Wohler Technologies has enhanced its Pandora loudness monitoring and logging system. Through the new Wohler Loudness application, Pandora now allows users to monitor, analyse, and demonstrate audio loudness levels on an iPad or iPod touch. Additional updates to Pandora facilitate easy capture, storage, and email delivery of loudness log files; enable even more comprehensive measurement of loudness metrics; and support more flexible configuration of the monitoring system. The new Wohler Loudness application for the Pandora system gives iPad and iPod touch users the ability to demonstrate Pandora’s monitoring and analysis of audio loudness levels from stereo on up to eight channels extracted from either an SDI input or four AES embedded pairs. When the application is in demo mode, features can be demonstrated on an iPod touch or iPad. Standards covered include ATSC A/85 (ITU BS.1770 and ITU BS.1771), EBU R128, and ARIB TR-B32.
Additional capabilities of the new Pandora software release include logging with the ability to send log files via email, a feature that allows engineers to document, deliver, and demonstrate loudness readings, no matter where they’re working. Wohler also has enhanced Pandora with added readings for true peak, loudness range (LRA), average and maximum loudness, as well as with over/under indications. The latest release of Pandora software is now available as a free download.
LiveU HD video solution
petrol bags’ camwrap
LiveU’s new LU40i handheld live HD video solution for the online media market weighs less than 700 grams. The LU40i provides a simple-to-use uplink solution for online coverage of events, such as sports, music, advertising, religious and corporate sponsorship. The LU40i, complements LiveU’s flagship LU60 live video transmission solutions, used by top-tier broadcasters and the largest news agencies around the world, claims the company. With up to six network connections, the bonded LU40i offers 4G LTE/3G, WiMAX, Wi-Fi and LAN video transmission in a substantially smaller form factor. The LU40i leverages LiveU’s algorithms for sustained
Petrol Bags has created the Deca CamWrap for Sony PMW-500, 350 and 320 cameras. Designed to shield equipment while on location, this easy-to-use cover safeguards the camera body from unwanted scratches or dust. Deca CamWrap Construction is made of black, layered 3D Micro-Fiber Mesh (3DM) that keeps the camera cool and well ventilated. The CamWrap is designed to offer fast and easy access to all camera features. Oversized transparent polyurethane (TPU) windows provide maximum visibility of controls. The rear battery cover is equipped with two connectors for detachable pouches for wireless receivers and transmitters; one pouch is included.
video transmission, even when on the move. It also includes versatile encoding capabilities for transmitting high-quality HD/SD video from diverse locations, adapting to dynamic network conditions. The LU40i solution can be connected to or mounted on, commercially available cameras (SDI, analogue and HDMI). The device has been developed to address the needs of the online media market. With its touchscreen it provides simple yet flexible mechanisms for either local or remote control. The solution provides a hub for multimedia streams, enabling customers to control, process, post-process and distribute video streams easily.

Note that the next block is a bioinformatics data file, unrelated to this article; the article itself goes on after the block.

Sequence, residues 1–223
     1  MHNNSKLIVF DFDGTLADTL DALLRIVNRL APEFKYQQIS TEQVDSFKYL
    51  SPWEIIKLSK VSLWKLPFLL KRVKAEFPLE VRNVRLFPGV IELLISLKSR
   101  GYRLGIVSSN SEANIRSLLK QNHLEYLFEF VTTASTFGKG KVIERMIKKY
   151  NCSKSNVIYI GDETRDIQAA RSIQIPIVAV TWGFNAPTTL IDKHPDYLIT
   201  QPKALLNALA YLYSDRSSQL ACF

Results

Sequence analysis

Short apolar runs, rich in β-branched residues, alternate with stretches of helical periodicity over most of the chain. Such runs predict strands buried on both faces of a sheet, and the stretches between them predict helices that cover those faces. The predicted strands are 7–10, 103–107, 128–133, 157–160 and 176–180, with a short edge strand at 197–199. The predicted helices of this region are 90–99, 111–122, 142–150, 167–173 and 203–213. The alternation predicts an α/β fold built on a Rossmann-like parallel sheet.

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60 | www.broadcastprome.com | October 2011
ERICSSON TAKES NEW APPROACH TO LINEAR MULTI-SCREEN TV Ericsson has launched an additional, critical enabler for the success of multi-screen TV. The solution, which was launched at IBC combines hardware and software to provide a flexible approach to the growing multiscreen market. Ericsson’s solution enables the expansion in processing needed to deliver a multiscreen offering. Ericsson’s ConsumerLab research shows that 93% of consumers still watch linear TV and will continue to do so. The expectation by consumers for multi-screen TV is that all of their content choices available in the home on the large screen will also be available on every screen. The Ericsson solution enables effective processing of hundreds of channels into thousands of adaptive streaming profiles. The Ericsson SPR1200 Multiscreen Stream
Processor, a true hardware approach to Multi-screen compression, is combined with the Ericsson NPR1200 Multiscreen Network Processor, a dense software-based adaptive streaming segmentation and encryption processor, designed to track dynamic updates in adaptive streaming formats and DRM systems associated with the needs of delivery to different types of devices, as well as supporting an array of deployment architectures and formats, claims the company. This latest solution is part of a solution set for multi-screen TV, comprising management, processing, and delivery of linear and on-demand content to all devices, enhanced with the most unique middleware and back office capabilities to provide a user experience that includes social interaction, search, discovery, and sharing.
This year’s IBC was one of Calrec’s most successful. Not only did we launch the dual fader version of the Apollo and the new Artemis Light console, we also secured the sale of the first Artemis Light on the day it was launched. This sale was to the Cameron/Pace Group. We also had very positive feedback on our range of fixed format and modular IO products, and to H2O, Calrec’s network management tool. We had almost double the footfall from the Middle East and Africa region as a result of our growing presence there. In fact, visitor numbers were up from every region, which suggests that the market is picking up. Anthony Harrison, MEA manager, Calrec.